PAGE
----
Review: The Paradoxes of CLR JamesHistorians in the News
tags: Black History, radical history, Caribbean history, CLR James
Gerald Horne’s next book is Revolting Capital: Racism and Radicalism in Washington, D.C., 1900–2000.
CLR JAMES: A LIFE BEYOND THE BOUNDARIES. By John L. Williams
Cyril Lionel Robert James was a man of paradox. The Trinidadian-born revolutionary was a lanky 6-foot-3—“lean as a pole,” with “long pianist fingers” that one could easily imagine flying across a typewriter keyboard as well. However, as we learn in John Williams’s new biography, CLR James: A Life Beyond the Boundaries, he “never learned to type and relied on women to type up his handwritten articles and manuscripts,” of which there was a veritable tsunami. Likewise, while James cared little for money and possessions—other than books and albums—he was a connoisseur of exquisite wine and tasty meals. A fierce “anti-Stalinist,” he still collaborated fruitfully in 1930s London with the decidedly Russophilic Paul Robeson, widely suspected of being a member of the Communist Party, and he recommended the writings of US Communist historian Herbert Aptheker and hailed the later work of W.E.B. Du Bois, even after he joined the US Communist Party in 1961.
Although James is associated in the popular imagination with Trotskyism, when he met with Trotsky during the latter’s exile in Mexico before his 1940 assassination, the defrocked Soviet leader was unimpressed, dismissing James as a “freelance bohemian.” James’s erstwhile Trotskyist comrade, James Cannon, referred to him similarly as an “irresponsible adventurer.”
Whatever his fellow Trotskyists thought of him, the fact remains that James was one of the most brilliant thinkers and writers among them, a man whose books, including The Black Jacobins, proved to be of staggering profundity. Although for generations, revolutionaries and thinkers of various sorts had championed movements of the dispossessed, James was one of the first to point out the world-historical significance of the Haitian Revolution—a precedent-shattering development spearheaded by unpaid workers. The Black Jacobins alone guaranteed James a slot in the Pan-African—and revolutionary—pantheon. As a playwright, he stirred London audiences in the 1930s with his dramatization of the life of Toussaint Louverture. His only novel, Minty Alley, published after he arrived in Britain, is a sensitive depiction of the poor—especially poor women—and an adroit evocation of the trickster, with echoes of Shakespeare’s Puck and Twain’s Tom Sawyer. His fecund Beyond a Boundary is not just a memoir of his Caribbean boyhood, a celebration of cricket, and an indictment of colonialism; it also served to inspire the thriving academic field that is cultural studies. As a philosopher, while he was in a self-imposed exile in Nevada in the late 1940s, James grappled adroitly with Hegel and his reverberations in the work of Marx and Lenin. As a literary critic, his excavation of Melville continues to repay attention. Assuredly, James was one of the 20th century’s foremost radical intellectuals.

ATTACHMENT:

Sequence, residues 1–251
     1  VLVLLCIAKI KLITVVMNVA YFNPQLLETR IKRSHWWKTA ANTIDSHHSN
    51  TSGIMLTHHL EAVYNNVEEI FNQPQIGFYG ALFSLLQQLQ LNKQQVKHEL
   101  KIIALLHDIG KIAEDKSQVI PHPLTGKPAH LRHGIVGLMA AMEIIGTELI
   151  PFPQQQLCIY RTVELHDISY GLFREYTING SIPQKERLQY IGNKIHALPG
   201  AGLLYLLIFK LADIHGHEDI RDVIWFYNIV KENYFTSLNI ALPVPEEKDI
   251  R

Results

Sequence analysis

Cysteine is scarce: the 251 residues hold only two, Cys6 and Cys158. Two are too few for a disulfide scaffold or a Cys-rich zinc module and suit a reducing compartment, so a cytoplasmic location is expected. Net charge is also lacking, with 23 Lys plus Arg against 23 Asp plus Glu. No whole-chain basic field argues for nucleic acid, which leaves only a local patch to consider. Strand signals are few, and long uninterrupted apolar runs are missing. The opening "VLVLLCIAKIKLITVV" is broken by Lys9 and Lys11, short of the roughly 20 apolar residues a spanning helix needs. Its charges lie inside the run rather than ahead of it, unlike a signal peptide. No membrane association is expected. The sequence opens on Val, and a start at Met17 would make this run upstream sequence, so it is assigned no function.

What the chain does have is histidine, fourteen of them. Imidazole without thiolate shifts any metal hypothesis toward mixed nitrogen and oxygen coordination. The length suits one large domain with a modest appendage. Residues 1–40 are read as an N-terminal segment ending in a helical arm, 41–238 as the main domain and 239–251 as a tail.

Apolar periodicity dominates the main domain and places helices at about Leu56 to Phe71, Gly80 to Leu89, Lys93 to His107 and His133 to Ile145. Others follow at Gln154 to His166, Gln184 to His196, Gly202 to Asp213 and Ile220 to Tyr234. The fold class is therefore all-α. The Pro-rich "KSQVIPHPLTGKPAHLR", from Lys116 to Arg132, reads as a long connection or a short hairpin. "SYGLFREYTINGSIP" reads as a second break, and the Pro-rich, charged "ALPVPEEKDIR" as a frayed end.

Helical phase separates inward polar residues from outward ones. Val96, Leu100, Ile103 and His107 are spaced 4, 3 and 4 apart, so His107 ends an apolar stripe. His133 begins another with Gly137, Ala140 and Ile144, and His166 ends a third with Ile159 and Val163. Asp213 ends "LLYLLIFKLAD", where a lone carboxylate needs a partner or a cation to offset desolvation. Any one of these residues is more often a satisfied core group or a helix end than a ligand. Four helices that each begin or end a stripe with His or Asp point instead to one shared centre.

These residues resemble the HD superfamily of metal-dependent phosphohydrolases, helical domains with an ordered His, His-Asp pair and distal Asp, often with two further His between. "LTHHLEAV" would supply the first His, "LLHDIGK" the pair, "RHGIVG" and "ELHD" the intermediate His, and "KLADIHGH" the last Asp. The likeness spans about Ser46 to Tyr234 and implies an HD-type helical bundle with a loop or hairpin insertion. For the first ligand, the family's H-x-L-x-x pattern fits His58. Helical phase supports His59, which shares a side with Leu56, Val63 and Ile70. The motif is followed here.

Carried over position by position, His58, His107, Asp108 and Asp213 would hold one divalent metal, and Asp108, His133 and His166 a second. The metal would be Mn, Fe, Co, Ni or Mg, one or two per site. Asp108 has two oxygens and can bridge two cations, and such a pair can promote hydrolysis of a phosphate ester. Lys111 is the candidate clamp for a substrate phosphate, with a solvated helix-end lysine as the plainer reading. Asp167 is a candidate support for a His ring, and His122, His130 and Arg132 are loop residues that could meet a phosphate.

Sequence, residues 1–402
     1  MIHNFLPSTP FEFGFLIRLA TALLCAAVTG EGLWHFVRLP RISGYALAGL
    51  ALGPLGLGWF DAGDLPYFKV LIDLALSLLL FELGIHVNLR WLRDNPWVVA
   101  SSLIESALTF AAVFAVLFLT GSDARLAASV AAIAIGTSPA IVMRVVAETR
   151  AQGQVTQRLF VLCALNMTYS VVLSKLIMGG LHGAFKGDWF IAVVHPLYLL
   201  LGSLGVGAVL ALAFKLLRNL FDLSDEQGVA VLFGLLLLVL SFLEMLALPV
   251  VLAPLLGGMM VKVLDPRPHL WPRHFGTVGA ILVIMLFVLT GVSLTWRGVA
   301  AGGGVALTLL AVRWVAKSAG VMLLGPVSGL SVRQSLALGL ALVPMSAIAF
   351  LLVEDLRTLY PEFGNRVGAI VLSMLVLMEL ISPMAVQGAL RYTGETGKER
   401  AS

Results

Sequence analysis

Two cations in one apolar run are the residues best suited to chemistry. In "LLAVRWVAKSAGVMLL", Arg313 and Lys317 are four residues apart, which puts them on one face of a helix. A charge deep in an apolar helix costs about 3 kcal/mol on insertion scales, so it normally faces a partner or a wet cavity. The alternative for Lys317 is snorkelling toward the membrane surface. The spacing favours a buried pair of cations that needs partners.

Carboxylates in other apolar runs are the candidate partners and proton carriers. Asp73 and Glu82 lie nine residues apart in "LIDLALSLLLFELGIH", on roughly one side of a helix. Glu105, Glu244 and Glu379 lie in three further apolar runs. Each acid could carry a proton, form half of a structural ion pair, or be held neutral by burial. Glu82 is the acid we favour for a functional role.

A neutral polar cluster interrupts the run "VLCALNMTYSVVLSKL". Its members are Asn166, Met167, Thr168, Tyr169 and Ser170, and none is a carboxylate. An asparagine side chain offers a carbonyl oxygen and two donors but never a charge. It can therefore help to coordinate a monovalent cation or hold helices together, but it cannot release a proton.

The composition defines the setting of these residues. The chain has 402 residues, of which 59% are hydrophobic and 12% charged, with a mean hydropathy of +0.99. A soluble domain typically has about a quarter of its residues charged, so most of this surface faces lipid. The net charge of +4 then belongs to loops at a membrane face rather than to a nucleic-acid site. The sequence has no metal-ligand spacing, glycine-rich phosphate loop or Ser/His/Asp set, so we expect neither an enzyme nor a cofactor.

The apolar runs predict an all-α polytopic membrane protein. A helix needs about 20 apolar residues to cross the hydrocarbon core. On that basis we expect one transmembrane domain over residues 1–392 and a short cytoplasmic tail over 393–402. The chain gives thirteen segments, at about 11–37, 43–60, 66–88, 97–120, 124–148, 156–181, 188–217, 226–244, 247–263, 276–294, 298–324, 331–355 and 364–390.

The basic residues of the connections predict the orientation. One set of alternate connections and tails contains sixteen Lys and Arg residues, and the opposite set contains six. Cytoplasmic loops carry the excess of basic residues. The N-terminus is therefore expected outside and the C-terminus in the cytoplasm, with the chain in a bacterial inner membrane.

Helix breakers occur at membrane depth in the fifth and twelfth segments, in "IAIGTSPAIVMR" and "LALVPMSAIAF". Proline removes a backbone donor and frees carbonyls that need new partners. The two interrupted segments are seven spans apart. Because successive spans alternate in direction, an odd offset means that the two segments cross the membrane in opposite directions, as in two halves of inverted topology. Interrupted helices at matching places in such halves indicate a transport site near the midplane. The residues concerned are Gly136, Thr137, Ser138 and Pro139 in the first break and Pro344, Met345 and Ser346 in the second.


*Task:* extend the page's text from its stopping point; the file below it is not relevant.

C.L.R. James was born in 1901, as Queen Victoria’s life was coming to an end, and died in 1989, a few months before the fall of the Berlin Wall. At the time of his birth, his homeland—the archipelago of Trinidad and Tobago—was still an uneasy component of the British Empire. James’s melanin content represented a legacy of the African slave trade: Apparently, he was partly of French ancestry, which may shed light on why he studied the language of Robespierre and Toussaint, even though English was his native tongue. As a young athlete, James set the high-jump record in Trinidad and Tobago, and would hold it for years after he left the islands—a harbinger of the heights to which he would soar.
James was also a voracious reader from an early age, and it proved to be a lifelong habit: The lengthy list of his frequently consulted journals included The Nation, which he pored over in the public library.
By 1932, at the age of 31, James had arrived in Britain. He had left the Caribbean partly to escape an unfulfilling marriage and partly to seek his fortune in a land that offered more opportunities for the budding writer that he had become. In Britain, he was deeply influenced by the atmosphere of intellectual and political ferment generated by a bevy of exiles there, including Robeson and Jomo Kenyatta of Kenya. It was in Britain that James encountered Trotsky’s newly published History of the Russian Revolution, which inspired his own work on Haiti. By 1933 and ‘34, he was spending months at a time in France working on his magnum opus.